Evaluating Test Automation Tools – Cost Should Be Only a Minor Factor
One of the first steps in software test automation is to evaluate test automation tools. Many organizations key considerations in evaluating test automation tools is cost. We found a table that lists out prices and specific browser support. Since most people read left to right, this may lead you to believe that cost is one of the most important criteria in evaluating test automation tools right?
Not us. We believe that one of the most critical criteria is the ability to recognize objects. The table below is an excerpt of one evaluation we did for a desktop and web-based software application. That’s right, ‘for a desktop and web-based software application’. Evaluating and selecting the testing automation tool that is best for you depends on the software that is under test.
Let’s talk more about evaluating test automation tools for Object Recognition for testing web applications. You’ll need to evaluate which browsers are supported by each tool one by one. We normally check the top 3 popular browsers – Firefox, IE (Edge), and Chrome. Each uses a different rendering engine – Gecko, Trident, and Webkit. Because of this, automation tools need separate methods while working with them.
The table below only gives a very basic and a quick glance of the capability for Object Recognition for desktop and web, but you may need to include mobile test automation as well. For the full evaluation, we are more specific and expand into more details that are more contextual and targeted toward the software under test.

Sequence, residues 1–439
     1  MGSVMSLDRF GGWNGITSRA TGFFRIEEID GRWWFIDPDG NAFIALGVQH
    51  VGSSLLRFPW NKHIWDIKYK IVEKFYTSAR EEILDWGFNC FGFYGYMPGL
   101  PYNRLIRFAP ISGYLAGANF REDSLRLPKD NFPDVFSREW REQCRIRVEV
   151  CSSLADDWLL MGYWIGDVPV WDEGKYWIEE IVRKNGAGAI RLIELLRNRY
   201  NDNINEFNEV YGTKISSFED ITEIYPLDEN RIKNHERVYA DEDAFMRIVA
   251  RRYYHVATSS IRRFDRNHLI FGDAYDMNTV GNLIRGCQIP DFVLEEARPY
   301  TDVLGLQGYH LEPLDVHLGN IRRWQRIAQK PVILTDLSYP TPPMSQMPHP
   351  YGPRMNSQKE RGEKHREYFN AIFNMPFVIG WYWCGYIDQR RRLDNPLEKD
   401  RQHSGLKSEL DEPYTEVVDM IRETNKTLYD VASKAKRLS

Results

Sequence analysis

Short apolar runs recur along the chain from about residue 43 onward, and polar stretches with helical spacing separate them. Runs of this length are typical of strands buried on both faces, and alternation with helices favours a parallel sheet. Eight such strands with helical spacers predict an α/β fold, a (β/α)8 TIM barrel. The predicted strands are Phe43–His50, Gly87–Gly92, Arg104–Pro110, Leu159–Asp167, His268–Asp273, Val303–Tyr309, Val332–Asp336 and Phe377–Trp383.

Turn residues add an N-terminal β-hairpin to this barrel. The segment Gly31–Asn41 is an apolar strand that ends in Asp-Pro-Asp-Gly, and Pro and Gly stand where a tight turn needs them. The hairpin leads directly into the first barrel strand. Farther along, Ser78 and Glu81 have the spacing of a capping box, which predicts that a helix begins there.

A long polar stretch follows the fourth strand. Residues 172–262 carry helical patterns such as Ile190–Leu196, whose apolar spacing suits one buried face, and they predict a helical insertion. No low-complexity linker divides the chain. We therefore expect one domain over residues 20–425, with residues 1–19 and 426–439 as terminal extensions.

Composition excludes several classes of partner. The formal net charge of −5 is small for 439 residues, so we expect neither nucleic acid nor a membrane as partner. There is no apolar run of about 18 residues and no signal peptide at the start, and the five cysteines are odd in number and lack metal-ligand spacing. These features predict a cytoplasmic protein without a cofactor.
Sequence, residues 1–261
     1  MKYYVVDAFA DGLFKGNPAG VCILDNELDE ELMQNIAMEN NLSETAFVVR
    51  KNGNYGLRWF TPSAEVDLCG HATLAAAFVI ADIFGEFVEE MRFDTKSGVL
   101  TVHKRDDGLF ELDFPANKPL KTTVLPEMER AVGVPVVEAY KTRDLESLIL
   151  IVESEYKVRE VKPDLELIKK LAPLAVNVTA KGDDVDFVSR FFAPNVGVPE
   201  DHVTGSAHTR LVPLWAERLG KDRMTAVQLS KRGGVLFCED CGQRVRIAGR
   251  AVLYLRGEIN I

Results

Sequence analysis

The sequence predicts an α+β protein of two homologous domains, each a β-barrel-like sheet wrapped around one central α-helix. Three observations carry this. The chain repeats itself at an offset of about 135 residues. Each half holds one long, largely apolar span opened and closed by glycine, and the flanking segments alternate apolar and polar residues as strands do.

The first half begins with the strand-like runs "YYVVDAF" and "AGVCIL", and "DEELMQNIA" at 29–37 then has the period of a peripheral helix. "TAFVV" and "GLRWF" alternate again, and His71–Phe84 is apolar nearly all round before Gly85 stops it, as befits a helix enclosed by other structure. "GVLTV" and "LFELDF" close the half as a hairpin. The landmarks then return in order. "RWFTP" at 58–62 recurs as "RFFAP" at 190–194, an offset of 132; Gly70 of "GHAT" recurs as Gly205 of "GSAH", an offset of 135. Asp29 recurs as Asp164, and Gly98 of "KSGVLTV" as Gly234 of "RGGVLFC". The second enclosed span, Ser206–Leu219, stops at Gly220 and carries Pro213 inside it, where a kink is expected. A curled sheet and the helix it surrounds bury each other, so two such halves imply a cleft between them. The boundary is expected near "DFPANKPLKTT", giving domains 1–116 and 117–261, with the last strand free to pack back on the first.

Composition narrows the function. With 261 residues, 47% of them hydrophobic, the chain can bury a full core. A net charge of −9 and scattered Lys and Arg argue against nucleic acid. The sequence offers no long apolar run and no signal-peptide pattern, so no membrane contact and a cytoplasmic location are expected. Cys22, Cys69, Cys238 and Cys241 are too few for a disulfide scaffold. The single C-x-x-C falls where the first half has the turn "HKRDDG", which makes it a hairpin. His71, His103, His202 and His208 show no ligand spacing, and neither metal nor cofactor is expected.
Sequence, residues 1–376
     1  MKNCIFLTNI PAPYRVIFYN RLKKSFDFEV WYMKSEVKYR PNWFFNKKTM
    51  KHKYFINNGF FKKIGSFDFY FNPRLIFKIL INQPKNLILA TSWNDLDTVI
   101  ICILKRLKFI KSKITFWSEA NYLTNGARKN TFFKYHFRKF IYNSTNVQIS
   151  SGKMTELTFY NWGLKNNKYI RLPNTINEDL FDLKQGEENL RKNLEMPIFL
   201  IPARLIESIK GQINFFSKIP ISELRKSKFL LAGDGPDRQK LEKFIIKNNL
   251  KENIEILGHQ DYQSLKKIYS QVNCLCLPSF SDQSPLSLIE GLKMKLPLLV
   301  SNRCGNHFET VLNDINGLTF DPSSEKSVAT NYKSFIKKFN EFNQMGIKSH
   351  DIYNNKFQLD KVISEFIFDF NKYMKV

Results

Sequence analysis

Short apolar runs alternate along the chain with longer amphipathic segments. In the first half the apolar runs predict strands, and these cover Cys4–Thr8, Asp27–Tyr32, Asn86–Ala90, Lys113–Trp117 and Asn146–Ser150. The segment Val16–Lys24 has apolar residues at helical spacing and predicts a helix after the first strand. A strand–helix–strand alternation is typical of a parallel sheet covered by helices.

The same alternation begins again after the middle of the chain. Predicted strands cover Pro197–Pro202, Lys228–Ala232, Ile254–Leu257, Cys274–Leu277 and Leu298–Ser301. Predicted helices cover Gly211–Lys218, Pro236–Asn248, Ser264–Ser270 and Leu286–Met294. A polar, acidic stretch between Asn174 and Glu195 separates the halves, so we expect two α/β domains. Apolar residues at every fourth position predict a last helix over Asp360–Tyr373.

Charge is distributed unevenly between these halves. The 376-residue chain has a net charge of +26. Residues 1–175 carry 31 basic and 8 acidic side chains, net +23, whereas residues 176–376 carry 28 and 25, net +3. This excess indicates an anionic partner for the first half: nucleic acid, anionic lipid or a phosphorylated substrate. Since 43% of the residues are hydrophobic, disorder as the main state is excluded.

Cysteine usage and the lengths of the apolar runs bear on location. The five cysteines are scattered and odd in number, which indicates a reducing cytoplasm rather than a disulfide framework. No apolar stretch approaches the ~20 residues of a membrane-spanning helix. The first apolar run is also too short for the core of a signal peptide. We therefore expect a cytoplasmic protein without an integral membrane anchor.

Additionally, tools often support some versions and not others. As seen in the table above, we know that Silktest supports recording with IE, but it doesn’t support recording with Firefox at all; and for another tool – Selenium 2.x(Webdriver), it only supports up to Firefox 46 using selenium-server-standalone-2.xx.x.jar. For Firefox 47 or above, you have to use Selenium 3.x with geckodriver.
Another thing you must consider during the evaluation is what is the language or technologies your company is using to develop your application. For example, Flex and Silverlight are very popular for rich web applications. If your company is using one of them, you must be very careful when evaluating their specific capabilities to recognize some Silverlight controls directly.
This means that TestComplete doesn’t support all versions of Silverlight. This same situation may happen with other automation tools as well. Of course, with some extra work like installing a higher version of Silverlight and deploying files from the server side, you can conquer this obstacle. But as a reminder, it’s important to pay attention to all types of UI elements during object recognition.
Of course evaluating and choosing a tool is just one of many steps in a software test automation project. Developing a maintainable software test automation framework that is suitable with the architecture of the software is another of several critical steps.